You’re the only one, you’re the only one
You’re the only one, I think

Next time we’re down at the bar
And you say this time I’ve gone too far
That I just want to drink and play guitar
Like I’m some kind of fucking star
I’ll pound down another drink
I’ll pound down another drink and I’ll say

You’re the only one, you’re the only one
You’re the only one, I think

What can I do to make you stay
Why do I always have to say
You’re the only one for me, girl
Why do I always have to say
You’re the only one, you’re the only one

This is no ordinary thirst
I’m fighting off the family curse
And still I know it would be worse
If I was alone in this universe
A universe as black as ink
But if you’ll give me one more drink then I’ll say

You’re the only one, you’re the only one
You’re the only one, I think

Coming Full Circle in NYC


Thirty five years ago, I moved to New York City, into a friend’s apartment at 4 Saint Mark’s Place. On September 22, I will be performing a show at the Kraine Theater, four blocks away from that first apartment. I’ll be playing songs that I wrote during the years I lived in Greenwich Village, songs I wrote when I lived on the Upper West Side, and ones written in my current home in the Bronx.

Get your tickets here.

The city has changed a lot since my first days here, hanging out in clubs like the Ritz, the Limelight, Danceteria, and CBGBs, finding new experiences that seeped into my songs. In music I found the power of melody and poetry to inspire and soothe and reveal and heal. I would love to share some of these experiences with you in the city that always will be home to me.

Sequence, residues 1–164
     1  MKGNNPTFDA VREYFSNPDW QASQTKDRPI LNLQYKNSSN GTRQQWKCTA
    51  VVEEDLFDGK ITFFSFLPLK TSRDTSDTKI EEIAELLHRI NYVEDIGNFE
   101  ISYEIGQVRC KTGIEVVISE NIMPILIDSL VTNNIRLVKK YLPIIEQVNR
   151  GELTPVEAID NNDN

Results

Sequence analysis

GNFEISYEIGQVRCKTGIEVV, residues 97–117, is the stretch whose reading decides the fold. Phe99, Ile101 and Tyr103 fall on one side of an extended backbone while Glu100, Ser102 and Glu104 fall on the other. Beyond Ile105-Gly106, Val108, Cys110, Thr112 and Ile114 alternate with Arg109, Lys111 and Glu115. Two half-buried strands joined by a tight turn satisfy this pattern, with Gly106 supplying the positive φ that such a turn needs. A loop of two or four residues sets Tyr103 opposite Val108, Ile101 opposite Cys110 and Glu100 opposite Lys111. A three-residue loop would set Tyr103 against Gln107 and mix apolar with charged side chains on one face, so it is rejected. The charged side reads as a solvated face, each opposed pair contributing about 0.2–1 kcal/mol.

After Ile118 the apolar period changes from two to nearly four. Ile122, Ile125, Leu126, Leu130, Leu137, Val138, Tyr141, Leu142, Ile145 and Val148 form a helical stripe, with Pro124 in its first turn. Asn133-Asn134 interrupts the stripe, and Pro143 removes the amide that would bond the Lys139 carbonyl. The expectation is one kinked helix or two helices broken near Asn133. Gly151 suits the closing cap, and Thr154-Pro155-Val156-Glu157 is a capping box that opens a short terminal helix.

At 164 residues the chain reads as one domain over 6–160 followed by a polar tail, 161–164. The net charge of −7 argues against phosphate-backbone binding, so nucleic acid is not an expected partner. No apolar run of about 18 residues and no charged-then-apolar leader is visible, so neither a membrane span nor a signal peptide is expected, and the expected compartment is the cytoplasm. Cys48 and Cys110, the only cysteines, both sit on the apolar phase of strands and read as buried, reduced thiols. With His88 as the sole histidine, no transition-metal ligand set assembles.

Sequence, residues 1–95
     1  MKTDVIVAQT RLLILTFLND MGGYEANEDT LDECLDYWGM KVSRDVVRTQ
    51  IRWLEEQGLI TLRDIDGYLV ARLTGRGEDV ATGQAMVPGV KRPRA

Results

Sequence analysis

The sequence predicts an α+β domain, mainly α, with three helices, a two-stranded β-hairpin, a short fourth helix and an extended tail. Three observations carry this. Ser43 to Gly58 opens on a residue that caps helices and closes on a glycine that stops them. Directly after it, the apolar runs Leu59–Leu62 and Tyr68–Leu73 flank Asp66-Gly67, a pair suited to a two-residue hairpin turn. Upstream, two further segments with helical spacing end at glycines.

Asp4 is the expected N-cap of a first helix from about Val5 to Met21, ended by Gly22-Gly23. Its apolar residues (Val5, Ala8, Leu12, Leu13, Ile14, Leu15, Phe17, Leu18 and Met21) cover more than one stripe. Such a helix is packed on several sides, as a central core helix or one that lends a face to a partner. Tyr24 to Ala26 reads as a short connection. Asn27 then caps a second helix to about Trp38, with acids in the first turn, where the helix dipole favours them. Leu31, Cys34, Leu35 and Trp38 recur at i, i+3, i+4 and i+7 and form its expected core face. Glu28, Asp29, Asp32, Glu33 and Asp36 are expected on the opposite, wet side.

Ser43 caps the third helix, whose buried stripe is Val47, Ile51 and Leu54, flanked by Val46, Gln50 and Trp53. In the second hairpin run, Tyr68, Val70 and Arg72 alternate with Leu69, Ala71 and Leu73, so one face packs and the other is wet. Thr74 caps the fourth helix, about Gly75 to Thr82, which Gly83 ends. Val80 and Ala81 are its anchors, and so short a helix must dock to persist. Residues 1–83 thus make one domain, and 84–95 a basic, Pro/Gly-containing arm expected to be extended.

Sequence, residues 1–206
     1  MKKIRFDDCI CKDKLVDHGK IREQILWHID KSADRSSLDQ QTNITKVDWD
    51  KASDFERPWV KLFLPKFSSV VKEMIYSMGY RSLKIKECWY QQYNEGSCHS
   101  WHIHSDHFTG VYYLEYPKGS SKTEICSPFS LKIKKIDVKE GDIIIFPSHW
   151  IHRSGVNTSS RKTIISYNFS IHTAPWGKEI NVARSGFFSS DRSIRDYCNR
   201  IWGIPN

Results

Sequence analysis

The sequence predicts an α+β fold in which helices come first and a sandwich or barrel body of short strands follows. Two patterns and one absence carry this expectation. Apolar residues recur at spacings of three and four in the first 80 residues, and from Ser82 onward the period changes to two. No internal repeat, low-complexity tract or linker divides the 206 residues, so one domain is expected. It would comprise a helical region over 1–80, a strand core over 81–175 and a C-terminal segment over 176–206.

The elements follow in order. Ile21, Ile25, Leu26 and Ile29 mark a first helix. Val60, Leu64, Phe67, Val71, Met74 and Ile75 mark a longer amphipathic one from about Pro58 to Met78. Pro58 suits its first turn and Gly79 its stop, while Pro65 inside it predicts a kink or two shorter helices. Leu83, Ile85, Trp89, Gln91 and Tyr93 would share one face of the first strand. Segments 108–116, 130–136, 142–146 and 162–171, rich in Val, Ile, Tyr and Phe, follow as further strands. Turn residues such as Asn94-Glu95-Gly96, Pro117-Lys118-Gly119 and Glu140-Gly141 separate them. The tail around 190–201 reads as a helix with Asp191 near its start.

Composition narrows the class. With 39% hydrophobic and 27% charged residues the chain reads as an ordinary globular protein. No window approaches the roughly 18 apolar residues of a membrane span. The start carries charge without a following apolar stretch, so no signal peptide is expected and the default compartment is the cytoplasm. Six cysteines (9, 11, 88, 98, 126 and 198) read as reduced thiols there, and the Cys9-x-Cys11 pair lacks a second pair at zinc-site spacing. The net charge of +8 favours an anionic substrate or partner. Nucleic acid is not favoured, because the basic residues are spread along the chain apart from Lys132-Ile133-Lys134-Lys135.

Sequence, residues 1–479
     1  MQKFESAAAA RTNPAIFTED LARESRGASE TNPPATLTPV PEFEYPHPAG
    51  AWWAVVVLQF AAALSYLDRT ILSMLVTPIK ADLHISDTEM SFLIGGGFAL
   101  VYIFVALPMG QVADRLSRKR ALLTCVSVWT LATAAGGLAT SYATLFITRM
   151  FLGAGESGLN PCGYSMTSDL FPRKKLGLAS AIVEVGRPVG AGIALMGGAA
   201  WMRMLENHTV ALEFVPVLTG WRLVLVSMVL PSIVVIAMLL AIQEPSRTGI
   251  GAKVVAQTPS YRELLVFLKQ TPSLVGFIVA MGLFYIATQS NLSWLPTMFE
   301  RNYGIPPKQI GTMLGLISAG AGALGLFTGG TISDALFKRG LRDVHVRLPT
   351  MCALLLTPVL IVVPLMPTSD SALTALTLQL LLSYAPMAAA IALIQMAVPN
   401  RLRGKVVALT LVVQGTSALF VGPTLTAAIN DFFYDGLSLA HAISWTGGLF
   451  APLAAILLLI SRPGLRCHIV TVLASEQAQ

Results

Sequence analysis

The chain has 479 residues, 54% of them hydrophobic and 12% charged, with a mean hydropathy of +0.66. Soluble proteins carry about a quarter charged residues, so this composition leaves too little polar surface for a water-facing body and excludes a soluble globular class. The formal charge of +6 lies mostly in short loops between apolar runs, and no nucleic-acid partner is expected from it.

Here is a recording from the mid-nineties, by an early incarnation of Late Model Humans, of one of the songs I’ll be performing: New York City.

One night only…

Please note that this post will remain at the top of my blog until the show. Scroll down for more recent posts.

For one night only – Sunday, September 22 – you (yes, you) can experience a show that is a little different from other shows you’ve seen. I hope you will come to the Kraine Theater at 85 East 4th Street in Manhattan and witness Mr. Mike’s Mostly Musical Mashup.

Get your tickets here.

I will be performing original songs written from the 1980s to this year, including ones originally recorded with Late Model Humans, and performed at CBGBs, the Bitter End, and Kenny’s Castaways. In addition to the songs there will be instrumental pieces, original poetry, visual art, and a few surprises.

I hope you can join me on September 22, as we find out together just what Mr. Mike’s Mostly Musical Mashup is all about.


I Love You So Bad It Hurts (LIVE)

The second song I played at an open mic recently is one of my favorite originals of the past few years. Musically, it’s a simple progression that’s made a little fresher by putting a capo on the 10th fret so that the guitar almost sounds like a mandolin. Lyrically, each verse repeats the first line at the end with a little bit of a twist caused by the lines in between.


I love you so bad it hurts
with a kind of pain that I don’t mind at all
I love you so bad it hurts

I love you so much I don’t
have anything left for anyone else
I love you so much I don’t